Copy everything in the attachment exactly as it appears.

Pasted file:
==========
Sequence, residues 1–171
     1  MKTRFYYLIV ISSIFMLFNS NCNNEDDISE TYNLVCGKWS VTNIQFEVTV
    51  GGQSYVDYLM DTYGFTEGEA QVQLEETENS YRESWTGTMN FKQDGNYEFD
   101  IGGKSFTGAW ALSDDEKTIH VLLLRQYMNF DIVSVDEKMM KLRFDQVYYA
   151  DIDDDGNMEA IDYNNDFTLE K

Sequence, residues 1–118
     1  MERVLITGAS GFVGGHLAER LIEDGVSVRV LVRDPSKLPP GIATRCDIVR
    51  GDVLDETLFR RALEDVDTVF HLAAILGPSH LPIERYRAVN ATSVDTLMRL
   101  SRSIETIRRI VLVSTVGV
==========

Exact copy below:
Sequence, residues 1–171
     1  MKTRFYYLIV ISSIFMLFNS NCNNEDDISE TYNLVCGKWS VTNIQFEVTV
    51  GGQSYVDYLM DTYGFTEGEA QVQLEETENS YRESWTGTMN FKQDGNYEFD
   101  IGGKSFTGAW ALSDDEKTIH VLLLRQYMNF DIVSVDEKMM KLRFDQVYYA
   151  DIDDDGNMEA IDYNNDFTLE K

Sequence, residues 1–118
     1  MERVLITGAS GFVGGHLAER LIEDGVSVRV LVRDPSKLPP GIATRCDIVR
    51  GDVLDETLFR RALEDVDTVF HLAAILGPSH LPIERYRAVN ATSVDTLMRL
   101  SRSIETIRRI VLVSTVGV